“Technology enchants; it makes us forget what we know about life. The new—any old new—becomes confused with progress.”
“When we move from conversation to mere connection, we get a lot of unintended consequences.”
Sherri Turkle, Reclaiming Conversation: The Power of Talk in a Digital Age
I know many of us have been worrying and speaking about this for some time. There is of course no easy solution. And constantly pointing to the problem can get tiresome.
But then again, the more keenly aware we are of the problem, the more motivated we will be to do something. There are many aspects of the problem, and there are several possible approaches to addressing it.
At the end of the day, what is most important is that we choose something, and then do it. We make a plan—even a very simple one—and start to follow it. Being aware that we ‘have a problem’ or that ‘something is really wrong,’ but then not taking concrete steps to address it is irrational. It is a sign of the seriousness of our problem.
Turkle says that technology makes us forget what we know about life. Powerful words. A scary reality.
The other day a man was driving with a teenager who is related to him. He observed that almost immediately the teen took out a smart phone and started to text. And text, and text. No conversation took place. It was shocking. And it was commonplace.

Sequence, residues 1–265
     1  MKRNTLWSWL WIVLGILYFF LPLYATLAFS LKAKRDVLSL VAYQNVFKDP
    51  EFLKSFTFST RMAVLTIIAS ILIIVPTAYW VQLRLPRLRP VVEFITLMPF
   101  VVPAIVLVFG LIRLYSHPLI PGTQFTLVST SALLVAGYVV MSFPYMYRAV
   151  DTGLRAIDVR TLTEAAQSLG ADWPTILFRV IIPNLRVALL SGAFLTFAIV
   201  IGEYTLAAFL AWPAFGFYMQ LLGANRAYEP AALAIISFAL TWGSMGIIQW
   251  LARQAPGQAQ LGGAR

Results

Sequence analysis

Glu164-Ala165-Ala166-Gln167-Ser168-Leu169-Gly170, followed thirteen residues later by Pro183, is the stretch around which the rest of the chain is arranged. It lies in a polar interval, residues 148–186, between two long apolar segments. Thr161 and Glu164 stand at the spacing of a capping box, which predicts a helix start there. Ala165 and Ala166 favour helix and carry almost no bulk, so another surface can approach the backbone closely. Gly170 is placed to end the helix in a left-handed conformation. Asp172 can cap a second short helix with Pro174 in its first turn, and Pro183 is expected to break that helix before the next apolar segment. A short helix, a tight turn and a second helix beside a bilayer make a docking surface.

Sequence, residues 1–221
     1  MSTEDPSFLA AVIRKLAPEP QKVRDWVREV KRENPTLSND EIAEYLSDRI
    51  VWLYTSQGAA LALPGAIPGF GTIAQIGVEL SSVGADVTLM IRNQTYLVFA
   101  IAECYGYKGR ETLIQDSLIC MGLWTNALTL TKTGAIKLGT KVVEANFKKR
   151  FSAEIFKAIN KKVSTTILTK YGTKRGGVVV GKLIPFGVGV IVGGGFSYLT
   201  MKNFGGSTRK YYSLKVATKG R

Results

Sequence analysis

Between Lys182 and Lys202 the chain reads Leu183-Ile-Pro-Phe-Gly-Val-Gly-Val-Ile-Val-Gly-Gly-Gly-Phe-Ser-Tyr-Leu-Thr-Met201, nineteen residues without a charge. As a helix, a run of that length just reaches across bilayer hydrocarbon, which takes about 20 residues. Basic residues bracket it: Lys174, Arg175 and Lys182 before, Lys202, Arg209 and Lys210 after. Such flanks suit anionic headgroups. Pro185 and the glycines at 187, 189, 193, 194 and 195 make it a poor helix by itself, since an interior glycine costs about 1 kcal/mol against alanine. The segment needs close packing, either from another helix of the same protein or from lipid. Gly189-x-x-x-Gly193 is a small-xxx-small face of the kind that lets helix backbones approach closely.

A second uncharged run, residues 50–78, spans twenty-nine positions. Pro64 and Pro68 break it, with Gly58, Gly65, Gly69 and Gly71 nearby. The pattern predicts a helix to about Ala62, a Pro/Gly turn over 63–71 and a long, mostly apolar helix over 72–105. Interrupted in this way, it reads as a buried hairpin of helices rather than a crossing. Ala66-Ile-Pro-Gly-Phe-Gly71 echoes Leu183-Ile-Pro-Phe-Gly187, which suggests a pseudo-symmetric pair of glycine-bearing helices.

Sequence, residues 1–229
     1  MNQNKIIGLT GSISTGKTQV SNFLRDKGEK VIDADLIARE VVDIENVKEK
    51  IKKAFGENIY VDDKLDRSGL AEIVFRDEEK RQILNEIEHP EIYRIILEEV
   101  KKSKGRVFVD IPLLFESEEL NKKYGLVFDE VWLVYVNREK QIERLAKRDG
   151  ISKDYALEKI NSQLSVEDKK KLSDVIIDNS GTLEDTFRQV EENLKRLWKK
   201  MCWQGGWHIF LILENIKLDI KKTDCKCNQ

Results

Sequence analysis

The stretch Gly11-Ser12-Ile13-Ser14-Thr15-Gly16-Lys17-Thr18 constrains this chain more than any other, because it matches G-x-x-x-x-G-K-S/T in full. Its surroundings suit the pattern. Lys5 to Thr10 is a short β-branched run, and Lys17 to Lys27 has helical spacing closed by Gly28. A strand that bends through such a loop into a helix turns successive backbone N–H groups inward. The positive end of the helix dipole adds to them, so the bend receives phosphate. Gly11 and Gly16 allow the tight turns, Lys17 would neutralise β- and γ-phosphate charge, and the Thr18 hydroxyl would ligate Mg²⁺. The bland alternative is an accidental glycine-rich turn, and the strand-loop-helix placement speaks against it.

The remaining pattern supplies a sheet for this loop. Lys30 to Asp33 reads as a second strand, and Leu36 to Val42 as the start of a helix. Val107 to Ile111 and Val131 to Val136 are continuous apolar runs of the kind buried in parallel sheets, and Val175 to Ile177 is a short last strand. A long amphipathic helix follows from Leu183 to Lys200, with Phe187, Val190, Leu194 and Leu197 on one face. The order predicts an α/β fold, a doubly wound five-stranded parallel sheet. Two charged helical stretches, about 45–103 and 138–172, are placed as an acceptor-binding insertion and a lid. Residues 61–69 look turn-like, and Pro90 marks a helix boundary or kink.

Adults of all ages will need to take the lead. The young cannot be accused of forgetting something about life that they haven’t learned. Indeed, if we don’t do something, they’ll never learn it.
The problem is subtle—though at times not so subtle!—and pervasive. It demands that we look again with honesty and humility at our own practices, and then act with courage and self-discipline.
No one is going to change our habits for us. And no one is going to give direction to the young for us.
A NOTE ON IMAGES: When I did a search of images under “grandparents and teens,” in the first page of results were three images I have put here: one as the feature image of the post and the other two below.
The tag lines of the images, respectively, were:
“How to create a lasting bond between teens and grandparents.”
“Happy Grandparent connecting with grandchild.”
I do NOT put these images here to scoff at them. Different efforts at interaction with grandchildren can be applauded. Yet I would raise two questions: How might we better picture the interaction of young and old? and, How might elders draw the young into THEIR WORLD rather than vice versa?
Sherri Turkle is the Abby Rockefeller Mauzé Professor of the Social Studies of Science and Technology at the Massachusetts Institute of Technology, and in addition to the book quoted above has authored “Alone Together: Why We Expect More from Technology and Less from Each Other,” among other books.
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